Panetta says Israel could strike Iran in spring: Report

Published: February 3, 2012
Israel indicates they're considering a strike, US indicates concerns, says Panetta. PHOTO: REUTERS/FILE

Israel indicates they're considering a strike, US indicates concerns, says Panetta. PHOTO: REUTERS/FILE

BRUSSELS: US Defense Secretary Leon Panetta believes there is a “strong likelihood” that Israel will strike Iran’s nuclear installations this spring, the Washington Post said Thursday in an editorial.

When asked about the opinion piece by reporters travelling with him to a Nato meeting in Brussels, Panetta brushed it aside.

“I’m not going to comment on that. David Ignatius can write what he will but with regards with what I think and what I view, I consider that to be an area that belongs to me and nobody else,” he said.

“Israel indicated they’re considering this (a strike), we’ve indicated our concerns,” he added.

The Post columnist said Panetta “believes there is a strong likelihood that Israel will strike Iran in April, May or June before Iran enters what Israelis described as a ‘zone of immunity’ to commence building a nuclear bomb.”

President Barack Obama and Panetta are “said to have cautioned the Israelis that the United States opposes an attack, believing that it would derail an increasingly successful international economic sanctions program and other non-military efforts to stop Iran from crossing the threshold,” he said.

“But the White House hasn’t yet decided precisely how the United States would respond if the Israelis do attack.”

Panetta said Sunday in an interview with CBS that Iran needed “about a year” to produce enough enriched uranium for a nuclear weapon, and one or two more years to “put it on a deliverable vehicle.”

Iran insists its nuclear project is peaceful and has threatened retaliation over the fresh sanctions, including possibly disrupting shipping through the strategic Strait of Hormuz.

Israeli media reported in October last year that the option of pre-emptive air strikes on Iran was opposed by the country’s intelligence services but favored by Prime Minister Benjamin Netanyahu and Defence Minister Ehud Barak.

Israeli television said Mossad chief Tamir Pardo raised the possibility of a unilateral strike on Iran during a visit last week to Washington.

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Reader Comments (9)

  • zzz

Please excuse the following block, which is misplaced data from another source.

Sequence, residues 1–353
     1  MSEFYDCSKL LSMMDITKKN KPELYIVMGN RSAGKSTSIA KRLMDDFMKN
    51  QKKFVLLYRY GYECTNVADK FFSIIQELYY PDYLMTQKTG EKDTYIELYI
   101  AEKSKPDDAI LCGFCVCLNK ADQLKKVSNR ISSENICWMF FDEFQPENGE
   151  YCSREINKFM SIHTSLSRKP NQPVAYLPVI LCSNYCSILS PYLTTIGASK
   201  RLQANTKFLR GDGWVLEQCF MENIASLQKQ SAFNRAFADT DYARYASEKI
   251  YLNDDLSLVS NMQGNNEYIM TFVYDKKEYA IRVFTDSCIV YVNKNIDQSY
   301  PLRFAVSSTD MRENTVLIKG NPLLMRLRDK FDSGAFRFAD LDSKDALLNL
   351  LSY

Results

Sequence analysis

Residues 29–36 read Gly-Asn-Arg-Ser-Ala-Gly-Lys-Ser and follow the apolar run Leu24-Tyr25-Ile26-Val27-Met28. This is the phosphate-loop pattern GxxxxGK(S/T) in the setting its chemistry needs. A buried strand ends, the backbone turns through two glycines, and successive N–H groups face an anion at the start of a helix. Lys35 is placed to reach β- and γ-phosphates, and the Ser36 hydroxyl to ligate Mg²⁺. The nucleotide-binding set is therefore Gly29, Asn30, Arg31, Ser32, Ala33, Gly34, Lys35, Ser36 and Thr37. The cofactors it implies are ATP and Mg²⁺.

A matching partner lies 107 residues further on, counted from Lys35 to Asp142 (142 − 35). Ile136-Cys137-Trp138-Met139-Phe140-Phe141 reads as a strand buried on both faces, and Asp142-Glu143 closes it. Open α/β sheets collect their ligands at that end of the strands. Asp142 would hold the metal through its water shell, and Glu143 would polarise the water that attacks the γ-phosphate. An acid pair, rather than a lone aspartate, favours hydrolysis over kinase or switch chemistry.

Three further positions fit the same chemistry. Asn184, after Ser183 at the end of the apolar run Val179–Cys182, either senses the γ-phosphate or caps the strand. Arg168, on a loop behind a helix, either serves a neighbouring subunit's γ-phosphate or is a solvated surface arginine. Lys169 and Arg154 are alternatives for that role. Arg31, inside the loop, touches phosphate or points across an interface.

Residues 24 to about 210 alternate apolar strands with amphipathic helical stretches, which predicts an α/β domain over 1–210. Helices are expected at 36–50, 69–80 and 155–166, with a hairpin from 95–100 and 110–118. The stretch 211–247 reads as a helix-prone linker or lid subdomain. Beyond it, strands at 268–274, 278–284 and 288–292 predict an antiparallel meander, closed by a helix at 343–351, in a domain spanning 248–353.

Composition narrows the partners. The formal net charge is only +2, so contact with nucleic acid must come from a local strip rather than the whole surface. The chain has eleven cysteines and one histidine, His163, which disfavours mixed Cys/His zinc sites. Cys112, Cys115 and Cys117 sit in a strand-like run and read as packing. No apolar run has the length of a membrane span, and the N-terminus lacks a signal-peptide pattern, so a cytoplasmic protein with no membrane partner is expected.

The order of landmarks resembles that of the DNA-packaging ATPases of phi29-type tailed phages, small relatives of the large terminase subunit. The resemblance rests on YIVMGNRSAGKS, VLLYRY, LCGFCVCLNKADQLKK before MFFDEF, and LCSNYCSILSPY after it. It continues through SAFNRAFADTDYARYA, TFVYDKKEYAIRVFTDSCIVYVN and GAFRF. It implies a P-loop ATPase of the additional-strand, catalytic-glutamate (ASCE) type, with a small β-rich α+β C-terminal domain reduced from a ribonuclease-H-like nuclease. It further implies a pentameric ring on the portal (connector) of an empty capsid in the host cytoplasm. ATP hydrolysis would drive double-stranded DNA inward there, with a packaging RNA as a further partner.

Feb 3, 2012 - 11:49AM

    please go ahead…….


  • Shani
    Feb 3, 2012 - 12:16PM

    and face the music


  • Cobra Commander
    Feb 3, 2012 - 12:32PM

    Pakistan will be in peculiar position, if the attack on Iran does take place. Saudi Arab, our master and banker, will be glad to see Iran targeted. Our highly emotional awam will go nuts and our Taliban monsters, even though they kill shia’s indiscriminately, will find another reason to bomb us back to stone age. Not a great situation for us to be in.


  • Acorn Guts
    Feb 3, 2012 - 12:33PM

    Why are we looking for terrorists in Afghanistan, Pakistan, Iraq and Middle East when the biggest one is sitting there mocking us all?


  • Abdul Majeed
    Feb 3, 2012 - 5:50PM

    The 1980-88 Iran Iraq war was supported by Saudi Arabia but Pakistan refrained supporting it by using General Zia’s Islamic interpretation of acting as a reconciler’s role when two Muslim brothers begin to fight without differentiating aggressor from the victim. I am interested to learn of what Pakistan’s stand would be in case Iran is attacked by Israel/US and backed by Saudi Arabia.


  • Anonymous
    Feb 3, 2012 - 7:27PM

    This is not terrorism???


  • John B
    Feb 4, 2012 - 3:44AM

    When Iran says that it is going wipe Israel off of the map, it is called terrorism; advocating Death to America as a state policy is called terrorism.


  • Alarm khan
    Feb 4, 2012 - 9:31AM

    @John B: When we hear Israel and US along with some Europeans’ rhetorics of more sanctions and often war against Iran. when we see illegal use of drone attacks inside Pakistan killing innocents for collateral damage. When we see double standards of the military powers for allowing Israel to keep nukes and not allowing others to have even a peaceful program. Some dictionaries also define terrorism as use of violence and threats for convincing other. Ahmedinejad’s words for Israel were comments Not a threat – wish you could educate yourself on the difference between the two.


  • j. von hettlingen
    Feb 5, 2012 - 3:23AM

    Iran has been pursuing its nuclear program for a while and trying to flex its muscles here and there. It’s not until the uprising in Syria and the surge of sectarian violence in Iraq since the departure of the U.S. troops that accentuate the fear of many in the region. Iran supports Bashar al Assad’s brutal crackdown on protesters and the Shia-led government in Iraq, which is the venue of sectarian violence. By weakening Iran, many believe the Middle East might be less unstable.


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